Holiday celebration with `very high style'

Gala: Yuri Temirkanov throws an extravagant ball at a St. Petersburg palace.

January 01, 2004|By Tim Smith | Tim Smith,SUN MUSIC CRITIC

ST. PETERSBURG, Russia - "Unbelievable!" That was probably the word repeated most often, at least by the many English-speaking guests, during Yuri Temirkanov's New Year's Ball at the Yusupov Palace.

The extravagant czarist-style party has become the signature social event of the annual International Winter Festival Arts Square, founded and directed by Temirkanov, the veteran conductor who leads the St. Petersburg Philharmonic and the Baltimore Symphony Orchestra.

Temirkanov owns a condominium in Baltimore, but his home will always be the city founded on an unlikely stretch of swampy land by Peter the Great. And he loves showing off the city, which is one reason why his New Year's celebration is held in an astonishing example of grand Russian living, the palace of Yusupov princes.

"There are so many music festivals today," Temirkanov said between courses of last night's meal. "Any village can have one. So it is necessary for a festival to have special attractions. After all, who wants to come to Russia in winter? My idea was to have this ball as a way of bringing people closer to the tradition of St. Petersburg style." With a laugh, he added: "And it was a very high style."

The conductor couldn't have found a better spot for the moneyed patrons of the festival to do their socializing. For $600 a person, nearly 200 guests in formal wear - including a few British lords, a bevy of rich Italians and about 25 Temirkanov and BSO fans from the Baltimore area - had a chance to relive something of what Russian aristocrats of the highest rank took for granted when the Yusupovs threw one of their splendid soirees.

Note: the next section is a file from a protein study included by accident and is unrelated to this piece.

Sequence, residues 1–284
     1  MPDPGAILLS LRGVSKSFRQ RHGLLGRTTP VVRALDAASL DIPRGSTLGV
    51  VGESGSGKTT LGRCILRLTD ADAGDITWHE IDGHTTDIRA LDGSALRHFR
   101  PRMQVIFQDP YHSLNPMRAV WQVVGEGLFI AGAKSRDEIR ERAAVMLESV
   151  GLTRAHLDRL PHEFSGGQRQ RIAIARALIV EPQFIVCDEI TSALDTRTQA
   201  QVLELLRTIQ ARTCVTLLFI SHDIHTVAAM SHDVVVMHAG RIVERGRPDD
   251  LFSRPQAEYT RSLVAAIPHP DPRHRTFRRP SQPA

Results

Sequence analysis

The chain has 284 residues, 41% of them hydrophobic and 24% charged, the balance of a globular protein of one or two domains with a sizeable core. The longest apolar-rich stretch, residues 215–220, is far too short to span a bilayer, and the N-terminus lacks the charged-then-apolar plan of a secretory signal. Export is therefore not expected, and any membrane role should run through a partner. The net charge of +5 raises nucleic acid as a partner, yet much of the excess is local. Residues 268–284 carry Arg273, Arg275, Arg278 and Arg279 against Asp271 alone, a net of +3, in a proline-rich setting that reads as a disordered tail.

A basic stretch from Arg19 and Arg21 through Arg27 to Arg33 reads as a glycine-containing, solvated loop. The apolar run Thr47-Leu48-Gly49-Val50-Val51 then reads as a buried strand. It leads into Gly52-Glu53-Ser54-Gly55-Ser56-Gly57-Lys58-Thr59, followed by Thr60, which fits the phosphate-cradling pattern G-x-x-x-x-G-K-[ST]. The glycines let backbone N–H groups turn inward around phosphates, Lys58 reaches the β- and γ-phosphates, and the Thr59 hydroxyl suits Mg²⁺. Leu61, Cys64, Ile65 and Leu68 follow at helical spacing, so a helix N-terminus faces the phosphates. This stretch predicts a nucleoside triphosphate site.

The revelers were greeted by the sounds of an a cappella choir of boys and young men singing stirring Russian songs on the first landing of the grand staircase. Attendants in full livery bowed and scraped in every corner, encouraging folks to wander through room after ornate room. Most people seemed more interested in the prospect of champagne being offered by another retinue of servers upstairs, but those who followed the gentle gesturing of the servants found a few surprises along the way. In one elaborately tiled room was a harem of veiled young ladies around a small pool.

In a more 19th-century- style room, a heavy, carved wooden door was cracked open, revealing a bathtub with a woman in it. Other actors were employed in a dimly lit elsewhere cavorting behind a thin curtain over a regal-sized bed.

All this went on before the action shifted to the palace's gilded theater, where Franz Liszt once played the piano, Fyodor Chaliapin once sang and Anna Pavlova once danced for the Yusupovs and their pals. Of course, that was before that night in 1916 when the princes did their part to rid Russia of its meddlesome priest, Rasputin, whose hold on the court of Nicholas and Alexandra is the stuff of legend.

So, of course, is Rasputin's progressive death, which started in the palace with poisoned food during a private dinner, continued with bullets for dessert when the poison refused to do its job, and finally ended with drowning in a nearby waterway. The ghost of the hypnotic lady-killer cleric was not in evidence during last night's revelry, but he probably would have loved the sight of so many well-heeled women. At least one gown had a train long enough to have been in style when Rasputin was running amok in St. Petersburg.

Crowds back then would have been a bit more reserved and bejeweled (diamonds, surprisingly, were not overly conspicuous last night, even though word was that three of the wealthiest women in Europe were among the guests). No one thought twice about snapping photos, placing cell phone calls and making a din, as when the Italian contingent started a chant of "Maestro, maestro" to get Temirkanov's attention in the baroque theater before the short performance began.

The theme of the fifth annual winter festival, Russian and American musical bonds, carried over into the ball. Gershwin songs were delivered by a Russian mezzo and violinist. A chamber group made up of St. Petersburg Philharmonic players had fun with a work by another American composer - Leroy Anderson's novelty piece for a typewriter and strings.

Once the summons to dinner came, the revelers worked their way through salons filled with exquisite art and sculpture to a richly appointed ballroom where a Russian combo was striking up "Puttin' on the Ritz" and other American standards. (The Yusupov Palace would make the Ritz look like that place where they'll "leave the light on for you.") Tap dancers and a big band continued the dinner entertainment, while magician Jake Friedman, formerly of Baltimore and now of New York, was invited by Temirkanov to work his trickery table by table.

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